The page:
Iowan musician Miss Christine shares story as bassist, non-binary activist

Iowan bassist Christine Moad, known by their stage name Miss Christine, is on tour across Iowa, sharing their journey as a musician and non-binary activist.


Grace Smith

Christine Moad, a bassist and singer-songwriter who records under the name Miss Christine, poses for a portrait at their home in Nichols, Iowa, on Wednesday, Sept. 7, 2022. Moad, 30, has been performing since they were 12, and has released 25 songs. Inspired by their own genderqueer identity, their favorite song they released, “Truth in Song,” explores identity. “As a genderqueer person, it was really important for me to write a song that mentions trans lives and the issues that they face,” Moad said. “And to me, that’s what that song does.”

Mark Fortunato, Arts Reporter

Wearing their signature purple outfit and their eye-popping pin proudly displaying their pronouns, Christine Moad, known by their stage name, Miss Christine, travels the country.

From North Dakota, to Florida, to places like Budapest, they aim to excite the crowd with their vibrant sound. Now touring the state of Iowa, Moad continues to share their musical talents for new and old music lovers.

It all started at 12-years old when their middle school band teacher needed a bassist. He asked Moad if they would be interested in the bass guitar, which is where they discovered their passion for the instrument.

“The bass came to me,” Moad said.

Christine Moad, a bassist and singer-songwriter who records under the name Miss Christine, poses for a portrait at their home in Nichols, Iowa, on Wednesday, Sept. 7, 2022. Moad said the first time they performed was overwhelming, but powerful. “After that show, I went home and cried because I thought I’d never be able to do it again,” Moad said. “…Music just chose me it feels like. And I’ve been doing it ever since.” (Grace Smith)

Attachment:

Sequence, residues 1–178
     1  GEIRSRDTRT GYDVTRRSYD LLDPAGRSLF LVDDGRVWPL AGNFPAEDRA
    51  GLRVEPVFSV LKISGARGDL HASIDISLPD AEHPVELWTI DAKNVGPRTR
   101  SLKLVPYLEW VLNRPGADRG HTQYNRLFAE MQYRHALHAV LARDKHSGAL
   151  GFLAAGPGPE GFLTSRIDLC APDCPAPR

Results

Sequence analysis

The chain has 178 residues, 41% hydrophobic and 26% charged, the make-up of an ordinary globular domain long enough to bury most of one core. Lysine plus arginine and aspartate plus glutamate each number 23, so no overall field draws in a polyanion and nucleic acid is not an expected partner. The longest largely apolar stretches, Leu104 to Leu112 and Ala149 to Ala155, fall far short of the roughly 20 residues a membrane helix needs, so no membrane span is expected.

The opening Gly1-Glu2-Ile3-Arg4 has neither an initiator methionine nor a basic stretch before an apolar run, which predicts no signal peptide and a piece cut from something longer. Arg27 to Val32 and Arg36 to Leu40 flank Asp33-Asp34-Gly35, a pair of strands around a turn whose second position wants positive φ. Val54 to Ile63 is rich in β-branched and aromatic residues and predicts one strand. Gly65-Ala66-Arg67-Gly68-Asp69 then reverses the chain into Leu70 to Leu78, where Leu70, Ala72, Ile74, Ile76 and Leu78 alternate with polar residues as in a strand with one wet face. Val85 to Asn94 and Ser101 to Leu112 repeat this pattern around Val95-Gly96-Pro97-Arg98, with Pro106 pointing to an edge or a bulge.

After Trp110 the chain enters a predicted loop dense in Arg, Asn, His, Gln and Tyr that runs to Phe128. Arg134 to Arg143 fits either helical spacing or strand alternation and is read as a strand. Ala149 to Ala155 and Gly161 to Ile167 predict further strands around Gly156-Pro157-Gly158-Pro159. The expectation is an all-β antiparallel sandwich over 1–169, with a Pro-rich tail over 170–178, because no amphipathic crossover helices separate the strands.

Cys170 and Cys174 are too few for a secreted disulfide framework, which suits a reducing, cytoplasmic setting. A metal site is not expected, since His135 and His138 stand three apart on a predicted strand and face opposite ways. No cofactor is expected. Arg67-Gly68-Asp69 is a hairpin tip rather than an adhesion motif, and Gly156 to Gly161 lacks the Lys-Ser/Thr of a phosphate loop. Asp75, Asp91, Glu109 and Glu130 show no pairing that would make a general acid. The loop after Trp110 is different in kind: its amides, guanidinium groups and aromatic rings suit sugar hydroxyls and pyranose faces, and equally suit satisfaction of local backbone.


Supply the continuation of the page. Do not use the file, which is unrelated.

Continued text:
In 2003, the movie School of Rock came out, and Christine fell in love with it, inspiring them to start their first band, “Hybrid.” Motivated by the talents of notable bassists like Paul McCartney, Moad improved their bass playing skills and gained popularity through their solo tours, eventually releasing two EPs and two full albums, with one to be released next year.

Their music video for their song “Google University” was released last week, and is now available on their YouTube channel, “Miss Christine Music.”

After graduating from Berklee College of Music in Boston, Moad was invited to join a band in Nashville, but they were unfamiliar with the music culture there. For instance, while performing in Arkansas with an audience of over 1000 people they were to play with a band whose discography was unfamiliar to them. Nevertheless, Moad was able to put on a show, finding that they can adapt to an array of musical categories.

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However, when the COVID-19 pandemic began, Christine’s live public appearances were not spared. During that unprecedented period of time, Christine entered a new realm of reflection, and experimented with the deeper meanings behind their songs.

Moad noted their activism in normalizing non-binary genders — by displaying their large purple pin bearing “They/them,” it shows they are proud to be who they are and want their message to be heard.

At the height of COVID-19 in 2020, they recorded the song “Truth in Song.”

“It’s just all about all of the issues that are really important to me and that I fight for through my actions and music to make the world a better place,” Moad said. “It uplifts marginalized voices.”

Their music and lyrics have touched their audience, Moad said. It confirms their intentions are met, having their fans know that being non-binary is acceptable, and they are not alone in the world.

“I can just tell from my experience, I’ve had trans and non-binary people come up to me and thank me for what I do and being visible as it makes them feel less alone,” Moad said.

Moad emphasized they also exist outside of just playing the bass, and that they would advise their younger self to remember that.

“We are valid and worthy of existing, outside of playing bass,” Moad said. “We are so much more than what we do.”